I am a former ballet dancer with my own studio now. My biggest problem is pain at the base of the big toe on my right foot. I can hardly rise up on my toes any more and that's an important movement for demonstrating dance steps. I've been told fusing the joint is my only option. If I wait awhile, will they come out with a toe replacement any time soon?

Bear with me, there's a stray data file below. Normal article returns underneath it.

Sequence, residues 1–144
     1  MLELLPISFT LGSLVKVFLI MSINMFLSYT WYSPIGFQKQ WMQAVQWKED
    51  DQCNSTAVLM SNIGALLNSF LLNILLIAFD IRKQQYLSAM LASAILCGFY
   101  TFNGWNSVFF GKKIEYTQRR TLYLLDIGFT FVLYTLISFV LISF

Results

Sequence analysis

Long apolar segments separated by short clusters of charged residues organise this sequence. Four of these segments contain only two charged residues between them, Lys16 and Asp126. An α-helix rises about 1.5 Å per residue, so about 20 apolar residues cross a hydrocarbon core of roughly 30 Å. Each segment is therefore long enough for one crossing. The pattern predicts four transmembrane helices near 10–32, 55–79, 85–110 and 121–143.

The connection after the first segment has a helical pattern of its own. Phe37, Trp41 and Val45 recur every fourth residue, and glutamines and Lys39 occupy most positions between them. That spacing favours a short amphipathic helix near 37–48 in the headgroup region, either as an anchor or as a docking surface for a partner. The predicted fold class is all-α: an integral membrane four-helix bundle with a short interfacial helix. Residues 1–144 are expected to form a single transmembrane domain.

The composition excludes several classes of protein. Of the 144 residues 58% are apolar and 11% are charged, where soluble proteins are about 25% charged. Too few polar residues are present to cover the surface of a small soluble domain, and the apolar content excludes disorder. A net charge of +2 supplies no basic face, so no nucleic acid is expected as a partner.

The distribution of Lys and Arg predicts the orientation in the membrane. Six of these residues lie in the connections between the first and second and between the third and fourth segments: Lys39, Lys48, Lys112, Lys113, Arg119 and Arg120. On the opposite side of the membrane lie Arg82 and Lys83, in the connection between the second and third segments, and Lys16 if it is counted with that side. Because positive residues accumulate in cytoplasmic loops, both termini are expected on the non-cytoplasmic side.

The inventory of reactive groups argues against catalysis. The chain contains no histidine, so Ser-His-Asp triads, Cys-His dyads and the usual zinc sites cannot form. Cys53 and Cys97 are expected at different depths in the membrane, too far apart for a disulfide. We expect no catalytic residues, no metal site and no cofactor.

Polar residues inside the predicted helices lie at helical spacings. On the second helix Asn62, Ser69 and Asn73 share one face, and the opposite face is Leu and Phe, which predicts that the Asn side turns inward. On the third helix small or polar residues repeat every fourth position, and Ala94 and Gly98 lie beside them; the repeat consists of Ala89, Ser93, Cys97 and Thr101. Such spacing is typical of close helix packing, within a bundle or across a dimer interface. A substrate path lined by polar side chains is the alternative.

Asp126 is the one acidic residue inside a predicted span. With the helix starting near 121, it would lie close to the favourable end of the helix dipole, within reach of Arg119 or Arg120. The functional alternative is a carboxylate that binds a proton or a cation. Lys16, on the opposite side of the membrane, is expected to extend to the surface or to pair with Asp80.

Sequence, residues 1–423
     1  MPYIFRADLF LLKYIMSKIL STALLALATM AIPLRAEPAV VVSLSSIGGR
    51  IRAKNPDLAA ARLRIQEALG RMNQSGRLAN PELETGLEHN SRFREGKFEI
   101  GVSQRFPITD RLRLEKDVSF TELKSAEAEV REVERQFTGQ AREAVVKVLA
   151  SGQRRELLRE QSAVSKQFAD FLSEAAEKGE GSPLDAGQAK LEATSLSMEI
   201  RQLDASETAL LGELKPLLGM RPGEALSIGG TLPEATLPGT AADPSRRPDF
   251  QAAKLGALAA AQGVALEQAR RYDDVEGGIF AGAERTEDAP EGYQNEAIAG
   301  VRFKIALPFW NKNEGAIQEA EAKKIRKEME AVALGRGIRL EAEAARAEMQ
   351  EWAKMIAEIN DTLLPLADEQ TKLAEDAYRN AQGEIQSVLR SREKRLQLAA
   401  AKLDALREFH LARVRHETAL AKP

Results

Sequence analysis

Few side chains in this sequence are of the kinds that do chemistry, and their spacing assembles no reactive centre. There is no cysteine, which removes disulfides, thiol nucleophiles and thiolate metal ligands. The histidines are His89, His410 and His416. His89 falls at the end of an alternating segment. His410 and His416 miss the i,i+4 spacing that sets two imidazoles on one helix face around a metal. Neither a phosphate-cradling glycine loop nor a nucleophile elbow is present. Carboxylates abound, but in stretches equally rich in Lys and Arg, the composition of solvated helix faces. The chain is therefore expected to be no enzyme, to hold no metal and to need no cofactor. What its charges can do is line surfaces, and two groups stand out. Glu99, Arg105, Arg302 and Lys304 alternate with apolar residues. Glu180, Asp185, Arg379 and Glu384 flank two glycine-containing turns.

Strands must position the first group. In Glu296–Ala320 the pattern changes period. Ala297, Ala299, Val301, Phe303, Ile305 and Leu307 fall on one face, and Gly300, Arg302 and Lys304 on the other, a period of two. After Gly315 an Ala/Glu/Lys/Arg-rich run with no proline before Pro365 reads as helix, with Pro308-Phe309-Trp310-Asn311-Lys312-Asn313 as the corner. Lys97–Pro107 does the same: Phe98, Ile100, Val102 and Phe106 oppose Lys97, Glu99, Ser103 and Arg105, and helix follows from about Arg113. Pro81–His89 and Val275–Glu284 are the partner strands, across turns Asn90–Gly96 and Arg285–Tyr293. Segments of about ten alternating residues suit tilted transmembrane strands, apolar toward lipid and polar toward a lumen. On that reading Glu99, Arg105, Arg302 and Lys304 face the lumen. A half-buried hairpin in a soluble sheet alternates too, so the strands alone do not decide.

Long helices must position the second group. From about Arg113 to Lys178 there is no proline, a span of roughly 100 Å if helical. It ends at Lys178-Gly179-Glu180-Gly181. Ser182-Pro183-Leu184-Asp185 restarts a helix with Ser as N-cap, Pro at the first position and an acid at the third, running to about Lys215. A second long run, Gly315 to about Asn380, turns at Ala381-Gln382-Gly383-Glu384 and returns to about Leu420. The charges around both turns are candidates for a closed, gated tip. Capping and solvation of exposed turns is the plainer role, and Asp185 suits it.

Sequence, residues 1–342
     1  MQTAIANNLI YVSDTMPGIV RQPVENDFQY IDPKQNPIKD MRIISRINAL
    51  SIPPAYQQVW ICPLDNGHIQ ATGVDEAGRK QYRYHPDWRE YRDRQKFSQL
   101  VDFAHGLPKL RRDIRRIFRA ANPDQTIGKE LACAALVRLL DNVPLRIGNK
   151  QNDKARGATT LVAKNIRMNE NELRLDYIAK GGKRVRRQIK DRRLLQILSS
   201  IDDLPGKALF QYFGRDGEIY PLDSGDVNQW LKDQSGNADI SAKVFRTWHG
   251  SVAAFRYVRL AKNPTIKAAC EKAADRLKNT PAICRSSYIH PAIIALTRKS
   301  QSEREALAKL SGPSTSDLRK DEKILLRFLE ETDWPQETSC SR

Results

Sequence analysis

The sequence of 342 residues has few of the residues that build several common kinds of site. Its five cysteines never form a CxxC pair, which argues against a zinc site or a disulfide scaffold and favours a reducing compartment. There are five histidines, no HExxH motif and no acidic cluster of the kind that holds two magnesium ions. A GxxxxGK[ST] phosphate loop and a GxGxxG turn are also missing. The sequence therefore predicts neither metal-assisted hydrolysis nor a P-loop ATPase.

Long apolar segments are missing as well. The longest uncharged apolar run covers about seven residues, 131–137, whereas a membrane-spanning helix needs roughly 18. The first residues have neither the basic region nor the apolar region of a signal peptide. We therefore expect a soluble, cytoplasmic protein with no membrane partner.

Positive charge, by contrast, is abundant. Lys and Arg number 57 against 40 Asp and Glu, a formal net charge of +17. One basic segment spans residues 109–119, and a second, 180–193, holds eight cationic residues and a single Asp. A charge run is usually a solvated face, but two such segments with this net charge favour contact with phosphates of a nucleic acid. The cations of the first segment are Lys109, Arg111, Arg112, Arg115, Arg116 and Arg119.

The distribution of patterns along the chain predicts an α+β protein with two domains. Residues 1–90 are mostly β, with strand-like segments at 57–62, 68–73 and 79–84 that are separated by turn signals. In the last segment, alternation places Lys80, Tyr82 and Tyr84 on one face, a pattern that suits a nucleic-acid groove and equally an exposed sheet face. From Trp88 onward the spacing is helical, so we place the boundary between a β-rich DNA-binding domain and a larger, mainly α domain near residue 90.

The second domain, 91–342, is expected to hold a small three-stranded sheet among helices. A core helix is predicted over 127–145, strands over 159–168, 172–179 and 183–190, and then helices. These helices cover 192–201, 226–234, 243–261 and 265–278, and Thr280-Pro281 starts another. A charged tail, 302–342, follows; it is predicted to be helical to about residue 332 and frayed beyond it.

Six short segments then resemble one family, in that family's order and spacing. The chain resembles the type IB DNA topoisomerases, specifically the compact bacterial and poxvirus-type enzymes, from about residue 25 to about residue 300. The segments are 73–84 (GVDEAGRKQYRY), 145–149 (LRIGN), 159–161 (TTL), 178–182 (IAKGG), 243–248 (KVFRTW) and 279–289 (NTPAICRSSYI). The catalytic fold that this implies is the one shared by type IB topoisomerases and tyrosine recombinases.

The first metatarsophalangeal (MTP; base of the big toe) joint implant was tried back in 1952. Surgeons continued to modify implant designs to get a functional unit. But as you can imagine, with the weight of the body behind every footstep, an artificial joint at the base of the big toe doesn't hold up very long. The natural anatomy of the big toe is complex enough to make duplication with an implanted joint difficult at best. For example, two tiny bones called sesamoids just under the joint support and cushion the toe in a way that an implant hasn't been able to reproduce. Until recently, arthrodesis (fusion) of the joint has been the favored treatment. Patients suffering pain and joint destruction from trauma, gout, arthritis, and other conditions (e.g., deformities, bunions) have had success with arthrodesis. With an arthrodesis procedure, wires, pins, and plates are used to fix or hold the joint in a locked or fused position. Fusion does limit motion at that joint, which in turn, causes changes in the way a person walks. Loss of motion at this joint can limit activities such as rising up on toes or running. Total toe arthroplasty (another term for big toe joint replacement) is being developed. There are a couple of different designs available. Results so far comparing joint replacement with arthrodesis don't favor the arthroplasty. Some patients do report decreased pain. But the overall satisfaction rate is only around 77 per cent after five years. That doesn't begin to compare with the 90 per cent rating for arthrodesis and up to 98 per cent rating for hip or knee replacements. For those patients willing to try this approach, the implant can always be removed and the toe fused if it doesn't work out. But there is usually bone loss with this type of revision surgery, so it isn't done routinely. You might want to consult with an orthopedic surgeon about the advantages and disadvantages of fusion versus joint replacement. Find out what your options are before making any decisions. Give yourself some time to think it through and weigh the pros and cons given your particular situation.